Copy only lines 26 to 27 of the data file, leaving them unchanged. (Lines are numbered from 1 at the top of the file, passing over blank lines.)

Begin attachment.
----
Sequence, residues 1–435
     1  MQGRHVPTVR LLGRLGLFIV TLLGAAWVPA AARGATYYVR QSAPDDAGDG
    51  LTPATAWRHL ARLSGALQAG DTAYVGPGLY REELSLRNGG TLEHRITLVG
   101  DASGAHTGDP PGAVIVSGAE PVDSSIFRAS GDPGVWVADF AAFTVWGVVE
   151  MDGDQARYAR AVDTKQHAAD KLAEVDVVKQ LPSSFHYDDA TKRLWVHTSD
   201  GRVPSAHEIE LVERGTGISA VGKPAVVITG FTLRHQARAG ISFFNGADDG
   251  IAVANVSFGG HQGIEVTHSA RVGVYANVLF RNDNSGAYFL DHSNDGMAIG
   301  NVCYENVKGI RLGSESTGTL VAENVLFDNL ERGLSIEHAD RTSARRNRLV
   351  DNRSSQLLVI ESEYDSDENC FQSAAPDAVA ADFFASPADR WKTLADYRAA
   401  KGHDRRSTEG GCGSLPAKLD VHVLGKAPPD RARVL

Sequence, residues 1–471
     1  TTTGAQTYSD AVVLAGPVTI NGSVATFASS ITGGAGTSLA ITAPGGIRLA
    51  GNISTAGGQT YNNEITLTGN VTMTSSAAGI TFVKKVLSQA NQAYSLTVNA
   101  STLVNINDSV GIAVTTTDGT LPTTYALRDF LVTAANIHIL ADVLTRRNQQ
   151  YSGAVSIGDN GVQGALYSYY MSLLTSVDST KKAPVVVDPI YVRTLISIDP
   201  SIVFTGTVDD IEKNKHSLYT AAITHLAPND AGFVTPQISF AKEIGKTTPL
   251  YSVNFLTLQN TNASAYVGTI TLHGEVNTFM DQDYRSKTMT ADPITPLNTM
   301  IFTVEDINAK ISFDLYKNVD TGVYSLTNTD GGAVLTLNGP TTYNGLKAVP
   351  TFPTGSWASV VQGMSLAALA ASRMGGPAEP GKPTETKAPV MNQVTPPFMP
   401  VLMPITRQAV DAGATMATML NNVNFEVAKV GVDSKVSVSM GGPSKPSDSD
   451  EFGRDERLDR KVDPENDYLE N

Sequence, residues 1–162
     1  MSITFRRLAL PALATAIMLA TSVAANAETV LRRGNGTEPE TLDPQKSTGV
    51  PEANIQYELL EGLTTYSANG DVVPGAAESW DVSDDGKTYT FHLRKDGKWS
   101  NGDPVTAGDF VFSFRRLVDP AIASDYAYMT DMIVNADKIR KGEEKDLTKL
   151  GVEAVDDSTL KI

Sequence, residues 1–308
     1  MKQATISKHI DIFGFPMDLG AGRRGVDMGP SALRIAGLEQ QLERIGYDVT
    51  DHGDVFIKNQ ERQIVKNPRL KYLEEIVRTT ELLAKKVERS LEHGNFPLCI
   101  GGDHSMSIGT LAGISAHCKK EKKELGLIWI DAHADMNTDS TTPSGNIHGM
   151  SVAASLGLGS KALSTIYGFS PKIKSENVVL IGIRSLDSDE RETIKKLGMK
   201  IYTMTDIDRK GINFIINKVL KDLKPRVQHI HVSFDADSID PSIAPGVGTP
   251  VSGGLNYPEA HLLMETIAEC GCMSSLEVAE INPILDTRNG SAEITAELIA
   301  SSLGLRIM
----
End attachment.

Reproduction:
   151  GVEAVDDSTL KI

Sequence, residues 1–308